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Home > Automations  >  Waits
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Waits
The “wait” element lets you create pauses between steps in your automations. Here’s a deep dive into using waits and their various settings.
You'll learn:
  • The purpose of waits in automations 
  • The five ways to use a wait element 
  • How to adjust your wait settings based on timezone 
  • Which settings to adjust before using waits in your automations
Instructor
Sam Flegal
Waits
The “wait” element lets you create pauses between steps in your automations. Here’s a deep dive into using waits and their various settings.
You'll learn:
  • The purpose of waits in automations 
  • The five ways to use a wait element 
  • How to adjust your wait settings based on timezone 
  • Which settings to adjust before using waits in your automations
Course Instructor
Sam Flegal
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Transcript
In this video, I’ll cover the wait element and its various settings. As a reminder, waits allow you to create pauses in your automations. Let’s take a deep dive so you’ll be fully equipped to set up waits -- so you can design the perfect experience for your leads and customers. 

To review, when contacts land on a “wait,” they’ll stop there for as long as the settings dictate before continuing downward through the rest of the Automation. Waits are how you create the space between a series of emails, for example.

When adding a wait, you’ll see a setting on the left side for “wait here until.” You have 5 options to select from here:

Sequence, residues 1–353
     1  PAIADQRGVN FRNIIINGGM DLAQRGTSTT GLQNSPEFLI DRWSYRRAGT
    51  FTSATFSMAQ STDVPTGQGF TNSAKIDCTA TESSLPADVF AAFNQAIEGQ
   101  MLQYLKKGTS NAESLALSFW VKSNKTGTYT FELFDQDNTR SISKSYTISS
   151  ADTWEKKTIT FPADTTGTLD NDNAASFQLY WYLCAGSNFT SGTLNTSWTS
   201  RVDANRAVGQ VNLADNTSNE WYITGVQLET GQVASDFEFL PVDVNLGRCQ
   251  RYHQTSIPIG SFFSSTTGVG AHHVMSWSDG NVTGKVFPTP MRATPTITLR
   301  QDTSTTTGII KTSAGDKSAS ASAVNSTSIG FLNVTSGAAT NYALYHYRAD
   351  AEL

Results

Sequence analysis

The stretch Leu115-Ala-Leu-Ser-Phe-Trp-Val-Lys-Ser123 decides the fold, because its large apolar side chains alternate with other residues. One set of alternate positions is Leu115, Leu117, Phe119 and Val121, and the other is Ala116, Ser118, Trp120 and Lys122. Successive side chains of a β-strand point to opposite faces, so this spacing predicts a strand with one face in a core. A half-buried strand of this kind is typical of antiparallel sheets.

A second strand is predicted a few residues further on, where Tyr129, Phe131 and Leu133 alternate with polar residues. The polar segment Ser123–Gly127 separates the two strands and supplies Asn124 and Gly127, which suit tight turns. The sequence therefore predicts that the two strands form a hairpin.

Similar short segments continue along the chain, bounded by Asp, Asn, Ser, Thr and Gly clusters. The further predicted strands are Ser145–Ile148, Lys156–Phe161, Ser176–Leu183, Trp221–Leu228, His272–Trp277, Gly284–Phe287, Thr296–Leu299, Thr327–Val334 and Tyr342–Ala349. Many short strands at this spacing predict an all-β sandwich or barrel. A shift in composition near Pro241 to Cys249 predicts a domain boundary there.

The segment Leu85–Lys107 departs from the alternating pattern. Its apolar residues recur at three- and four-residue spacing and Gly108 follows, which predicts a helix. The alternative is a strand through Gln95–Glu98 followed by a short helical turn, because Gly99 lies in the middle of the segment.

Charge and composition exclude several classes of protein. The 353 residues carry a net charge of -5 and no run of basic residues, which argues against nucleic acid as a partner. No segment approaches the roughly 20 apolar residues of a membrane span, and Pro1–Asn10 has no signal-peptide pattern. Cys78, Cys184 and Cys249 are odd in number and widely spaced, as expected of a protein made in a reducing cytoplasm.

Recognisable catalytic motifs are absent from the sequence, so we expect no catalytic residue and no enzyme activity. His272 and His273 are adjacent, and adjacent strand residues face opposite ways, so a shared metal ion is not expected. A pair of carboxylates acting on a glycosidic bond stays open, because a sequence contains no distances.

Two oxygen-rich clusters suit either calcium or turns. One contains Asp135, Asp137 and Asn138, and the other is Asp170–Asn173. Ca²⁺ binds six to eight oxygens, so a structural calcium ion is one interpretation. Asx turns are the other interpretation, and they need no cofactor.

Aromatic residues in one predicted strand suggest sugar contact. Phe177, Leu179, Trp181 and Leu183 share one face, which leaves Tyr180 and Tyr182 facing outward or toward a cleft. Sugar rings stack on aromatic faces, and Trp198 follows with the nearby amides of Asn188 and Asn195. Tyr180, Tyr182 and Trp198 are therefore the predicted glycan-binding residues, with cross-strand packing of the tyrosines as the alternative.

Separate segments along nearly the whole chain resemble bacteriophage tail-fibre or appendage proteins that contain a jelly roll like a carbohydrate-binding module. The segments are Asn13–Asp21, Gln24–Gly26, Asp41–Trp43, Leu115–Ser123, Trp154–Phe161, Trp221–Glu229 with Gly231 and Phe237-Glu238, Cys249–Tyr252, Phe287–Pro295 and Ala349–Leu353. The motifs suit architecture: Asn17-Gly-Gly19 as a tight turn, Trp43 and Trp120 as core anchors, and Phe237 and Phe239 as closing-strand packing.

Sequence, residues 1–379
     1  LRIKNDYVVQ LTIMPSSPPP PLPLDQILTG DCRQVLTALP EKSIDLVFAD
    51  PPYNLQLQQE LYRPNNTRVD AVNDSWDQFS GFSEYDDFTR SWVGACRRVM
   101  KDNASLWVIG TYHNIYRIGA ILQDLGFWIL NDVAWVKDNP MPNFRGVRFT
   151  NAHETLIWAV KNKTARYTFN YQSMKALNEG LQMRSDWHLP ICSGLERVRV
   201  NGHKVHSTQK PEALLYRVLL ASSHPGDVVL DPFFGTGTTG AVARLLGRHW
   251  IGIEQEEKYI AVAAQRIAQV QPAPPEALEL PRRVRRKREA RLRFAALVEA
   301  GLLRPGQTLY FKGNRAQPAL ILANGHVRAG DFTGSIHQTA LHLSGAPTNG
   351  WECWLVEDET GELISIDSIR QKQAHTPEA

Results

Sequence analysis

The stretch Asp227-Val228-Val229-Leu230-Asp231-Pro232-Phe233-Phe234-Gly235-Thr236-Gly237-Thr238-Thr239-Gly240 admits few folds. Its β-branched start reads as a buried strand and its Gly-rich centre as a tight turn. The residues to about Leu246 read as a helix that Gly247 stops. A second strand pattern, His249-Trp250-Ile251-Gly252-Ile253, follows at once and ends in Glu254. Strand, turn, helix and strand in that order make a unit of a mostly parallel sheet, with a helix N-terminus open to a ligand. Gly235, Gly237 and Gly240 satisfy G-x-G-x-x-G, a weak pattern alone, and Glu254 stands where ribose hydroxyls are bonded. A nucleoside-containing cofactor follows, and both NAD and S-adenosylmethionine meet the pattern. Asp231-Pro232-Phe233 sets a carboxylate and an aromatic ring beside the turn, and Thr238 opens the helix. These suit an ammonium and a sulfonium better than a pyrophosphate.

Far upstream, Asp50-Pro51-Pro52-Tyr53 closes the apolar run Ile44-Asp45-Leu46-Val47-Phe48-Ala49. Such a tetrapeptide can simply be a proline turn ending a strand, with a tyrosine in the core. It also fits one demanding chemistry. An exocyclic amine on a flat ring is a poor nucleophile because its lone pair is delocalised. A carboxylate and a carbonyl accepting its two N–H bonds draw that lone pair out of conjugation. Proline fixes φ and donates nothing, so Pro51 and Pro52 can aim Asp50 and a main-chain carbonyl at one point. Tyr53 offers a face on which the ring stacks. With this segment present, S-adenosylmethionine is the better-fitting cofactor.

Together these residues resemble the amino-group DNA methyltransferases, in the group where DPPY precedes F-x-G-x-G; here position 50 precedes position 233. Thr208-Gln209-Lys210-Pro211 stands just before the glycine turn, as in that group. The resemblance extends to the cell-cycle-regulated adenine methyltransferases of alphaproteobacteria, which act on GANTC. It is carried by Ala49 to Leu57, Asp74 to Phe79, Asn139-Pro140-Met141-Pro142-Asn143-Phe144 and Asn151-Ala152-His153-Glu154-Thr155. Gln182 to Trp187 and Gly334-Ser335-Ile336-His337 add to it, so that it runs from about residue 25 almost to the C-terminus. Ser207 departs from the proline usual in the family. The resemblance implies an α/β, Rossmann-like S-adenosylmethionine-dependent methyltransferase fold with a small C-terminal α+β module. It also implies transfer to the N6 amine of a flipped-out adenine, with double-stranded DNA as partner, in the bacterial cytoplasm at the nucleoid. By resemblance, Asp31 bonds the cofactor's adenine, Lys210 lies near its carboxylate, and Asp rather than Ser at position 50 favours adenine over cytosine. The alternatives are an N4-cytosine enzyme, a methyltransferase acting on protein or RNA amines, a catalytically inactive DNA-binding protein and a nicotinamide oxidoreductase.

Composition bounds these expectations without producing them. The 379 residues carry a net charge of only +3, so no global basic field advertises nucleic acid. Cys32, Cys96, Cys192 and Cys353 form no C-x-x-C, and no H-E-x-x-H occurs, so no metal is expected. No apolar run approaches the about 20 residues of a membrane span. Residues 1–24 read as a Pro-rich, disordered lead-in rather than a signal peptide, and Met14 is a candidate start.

1. Wait forever. And by forever, we mean until a goal is reached. This will cause contacts to sit on this element until they achieve a goal elsewhere on the Automation.
  2. Some time passes. You can see that this presents you with “how much time?”. From here, you can set any number of days, hours, or minutes (in 15 minute increments) you want them to wait before continuing to the next step. For example, if you wanted to send an email once every three days, you’d enter “3” into the days option. You also have an option to “then wait until the time of day is…” (which is a repeated option throughout the rest of the wait types). Use this to ensure that your marketing emails are going out at times of day when people will be interested in reading something like this. So, rather than sending your marketing email Friday at 8:00 PM, maybe you send it at 9 AM.

There is one thing to be aware of when using the “wait until the time of day is…” setting, as it can lead to unintended results. For example: Say a contact is added to a 3 day wait at 1 PM, and your settings dictate to wait until 10 AM to send your email...  your email will be sent on the 4th day, rather than the 3rd, since your contact will first wait 3 days, which will be up at 1 PM on the third day, and then will wait until 10 AM, which won’t come around again until the 4th day. So, you’ll want to carefully consider the time of day that contacts are added to the step and how that affects the wait.